Butterflies of the Amazon and Andes
Leprieur's Glory
Asterope leprieuri   FEISTHAMEL, 1835
subfamily - BIBLIDINAE
subtribe - EPIPHILINA
Asterope leprieuri, Pantiacolla, Madre de Dios, Peru Adrian Hoskins
There are 7 species in the genus Asterope, which was formerly known as Callithea.
All are characterised by having metallic bluish or greenish undersides marked with a similar pattern of black spots, and red or orange markings near the base of the wings. In some species including degandii, buckleyi and certain races of leprieuri these bright patches extend to cover the inner two-thirds of the hindwing area.
On the upper surface the wings are black, with metallic greenish areas near the apex, and a deep blue sheen across the entire wing area that is dazzling when the butterflies are in flight. Some species such as batesii, markii and hewitsoni and sapphira also have patches of bright orange on the upperside.
Males of leprieuri have a very large patch of dark androconial scales at the base of the upperside fore-wings. Both sexes, in common with other Asterope species have large spatulate tips to the antennae, and white proboscises.
Asterope species are distributed widely across the Amazonian region, with leprieuri being found from Colombia to Brazil and Bolivia.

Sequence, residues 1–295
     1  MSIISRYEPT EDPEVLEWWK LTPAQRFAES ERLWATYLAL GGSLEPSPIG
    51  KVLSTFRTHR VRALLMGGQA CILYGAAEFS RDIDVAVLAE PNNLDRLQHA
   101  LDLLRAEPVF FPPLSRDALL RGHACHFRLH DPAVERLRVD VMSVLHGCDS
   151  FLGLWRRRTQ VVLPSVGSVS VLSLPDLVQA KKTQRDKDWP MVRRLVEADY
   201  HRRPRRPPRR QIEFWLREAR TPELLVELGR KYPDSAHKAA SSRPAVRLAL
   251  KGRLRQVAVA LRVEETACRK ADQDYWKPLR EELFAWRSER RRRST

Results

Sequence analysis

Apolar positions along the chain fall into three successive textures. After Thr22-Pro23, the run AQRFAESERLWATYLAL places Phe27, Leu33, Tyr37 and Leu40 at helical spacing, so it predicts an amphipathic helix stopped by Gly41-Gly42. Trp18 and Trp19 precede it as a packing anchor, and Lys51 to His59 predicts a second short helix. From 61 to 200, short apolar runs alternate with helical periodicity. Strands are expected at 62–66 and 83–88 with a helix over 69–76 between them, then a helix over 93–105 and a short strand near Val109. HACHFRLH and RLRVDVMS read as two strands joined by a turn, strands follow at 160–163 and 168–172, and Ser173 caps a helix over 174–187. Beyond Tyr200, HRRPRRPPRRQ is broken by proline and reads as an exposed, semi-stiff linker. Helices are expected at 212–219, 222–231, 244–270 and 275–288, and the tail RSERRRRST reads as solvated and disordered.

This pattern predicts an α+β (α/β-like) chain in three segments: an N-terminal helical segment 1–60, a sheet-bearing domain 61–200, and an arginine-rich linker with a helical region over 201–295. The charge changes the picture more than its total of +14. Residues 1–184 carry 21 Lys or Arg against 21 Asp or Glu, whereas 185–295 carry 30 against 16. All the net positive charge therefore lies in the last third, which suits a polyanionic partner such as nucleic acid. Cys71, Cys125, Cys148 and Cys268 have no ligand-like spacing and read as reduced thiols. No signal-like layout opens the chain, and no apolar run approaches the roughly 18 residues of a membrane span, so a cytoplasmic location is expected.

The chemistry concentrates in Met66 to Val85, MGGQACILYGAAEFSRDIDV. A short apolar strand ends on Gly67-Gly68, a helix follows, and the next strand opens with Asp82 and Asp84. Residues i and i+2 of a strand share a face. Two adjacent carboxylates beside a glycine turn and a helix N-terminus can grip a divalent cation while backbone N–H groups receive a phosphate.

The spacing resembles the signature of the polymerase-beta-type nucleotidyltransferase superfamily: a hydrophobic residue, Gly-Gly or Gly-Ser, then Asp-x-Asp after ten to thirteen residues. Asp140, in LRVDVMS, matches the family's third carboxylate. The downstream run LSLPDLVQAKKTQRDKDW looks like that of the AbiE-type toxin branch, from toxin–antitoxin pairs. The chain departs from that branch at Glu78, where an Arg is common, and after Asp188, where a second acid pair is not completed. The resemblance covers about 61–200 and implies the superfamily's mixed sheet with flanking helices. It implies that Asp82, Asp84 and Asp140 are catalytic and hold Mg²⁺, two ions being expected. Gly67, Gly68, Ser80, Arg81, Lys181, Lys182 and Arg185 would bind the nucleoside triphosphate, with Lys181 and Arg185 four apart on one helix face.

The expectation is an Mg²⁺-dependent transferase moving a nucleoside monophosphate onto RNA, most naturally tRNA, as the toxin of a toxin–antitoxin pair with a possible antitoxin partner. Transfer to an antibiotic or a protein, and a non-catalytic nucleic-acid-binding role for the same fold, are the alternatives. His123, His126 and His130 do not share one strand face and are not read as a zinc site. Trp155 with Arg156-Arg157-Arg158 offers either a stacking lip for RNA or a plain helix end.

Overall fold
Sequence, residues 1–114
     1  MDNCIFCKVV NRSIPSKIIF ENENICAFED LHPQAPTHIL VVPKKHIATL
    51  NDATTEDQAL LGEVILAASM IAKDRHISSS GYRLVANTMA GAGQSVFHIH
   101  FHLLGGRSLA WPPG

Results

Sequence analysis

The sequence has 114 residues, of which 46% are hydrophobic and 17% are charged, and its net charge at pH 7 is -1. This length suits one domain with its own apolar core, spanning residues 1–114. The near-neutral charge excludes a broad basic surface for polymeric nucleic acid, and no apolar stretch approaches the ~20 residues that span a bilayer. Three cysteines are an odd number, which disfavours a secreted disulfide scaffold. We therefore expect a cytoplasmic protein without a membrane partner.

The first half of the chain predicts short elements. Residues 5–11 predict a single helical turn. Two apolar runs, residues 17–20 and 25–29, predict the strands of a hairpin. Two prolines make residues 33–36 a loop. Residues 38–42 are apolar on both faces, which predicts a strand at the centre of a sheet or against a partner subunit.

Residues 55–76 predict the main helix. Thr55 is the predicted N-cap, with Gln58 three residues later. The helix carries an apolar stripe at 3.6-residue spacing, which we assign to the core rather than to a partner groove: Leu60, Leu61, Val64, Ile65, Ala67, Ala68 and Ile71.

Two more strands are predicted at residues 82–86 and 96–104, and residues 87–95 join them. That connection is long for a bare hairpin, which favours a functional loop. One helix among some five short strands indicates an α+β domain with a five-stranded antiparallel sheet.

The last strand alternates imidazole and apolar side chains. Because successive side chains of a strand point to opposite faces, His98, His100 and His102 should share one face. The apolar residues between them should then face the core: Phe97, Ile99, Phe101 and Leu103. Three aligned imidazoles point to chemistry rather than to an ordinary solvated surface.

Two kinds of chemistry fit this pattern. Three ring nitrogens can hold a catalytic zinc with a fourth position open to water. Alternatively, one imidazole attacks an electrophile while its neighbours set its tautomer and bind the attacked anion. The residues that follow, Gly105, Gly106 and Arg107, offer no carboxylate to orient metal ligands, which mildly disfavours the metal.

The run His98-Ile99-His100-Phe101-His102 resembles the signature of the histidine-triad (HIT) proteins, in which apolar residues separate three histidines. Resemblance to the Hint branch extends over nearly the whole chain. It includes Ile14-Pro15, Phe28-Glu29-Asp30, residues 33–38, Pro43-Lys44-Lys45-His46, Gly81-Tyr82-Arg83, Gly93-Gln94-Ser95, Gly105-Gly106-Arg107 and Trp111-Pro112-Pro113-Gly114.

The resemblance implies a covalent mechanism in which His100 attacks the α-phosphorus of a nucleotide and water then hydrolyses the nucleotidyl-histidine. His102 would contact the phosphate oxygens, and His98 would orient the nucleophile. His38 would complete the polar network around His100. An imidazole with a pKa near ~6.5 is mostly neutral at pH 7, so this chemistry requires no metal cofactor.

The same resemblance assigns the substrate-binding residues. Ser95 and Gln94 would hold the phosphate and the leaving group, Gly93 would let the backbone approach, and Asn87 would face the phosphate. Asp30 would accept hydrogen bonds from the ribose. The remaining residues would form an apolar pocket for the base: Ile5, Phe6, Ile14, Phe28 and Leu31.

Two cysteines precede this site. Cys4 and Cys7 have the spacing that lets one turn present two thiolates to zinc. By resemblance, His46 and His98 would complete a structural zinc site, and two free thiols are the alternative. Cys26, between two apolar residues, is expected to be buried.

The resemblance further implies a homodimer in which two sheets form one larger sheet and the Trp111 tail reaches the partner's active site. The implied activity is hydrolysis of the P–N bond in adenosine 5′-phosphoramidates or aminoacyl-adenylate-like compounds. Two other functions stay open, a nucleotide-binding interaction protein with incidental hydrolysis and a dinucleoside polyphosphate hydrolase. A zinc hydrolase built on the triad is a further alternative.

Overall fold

Asterope leprieuri, Pantiacolla, Madre de Dios, Peru Adrian Hoskins
This species is found in primary rainforest at altitudes between sea level and about 1000 metres, east of the Andes.
Adult behaviour

I have not observed females of this species.

Males are solitary in behaviour. They are usually seen in hot and slightly rocky places such as open areas beside Andean roads, or on the upper part of rocky or pebble strewn sandbanks, where they imbibe mineralised moisture through their distinctive white proboscises.

They are easily disturbed, and at such times immediately fly up to settle on the foliage of trees, usually at a height of about 3-5 metres. From these vantage points they survey their surroundings until any perceived threat has passed. Before returning to ground level they invariably make a reconnaissance flight, circling rapidly and widely several times at a height of about 4-5 metres to make sure that "the coast is clear", and then resettling very close to their original feeding place.



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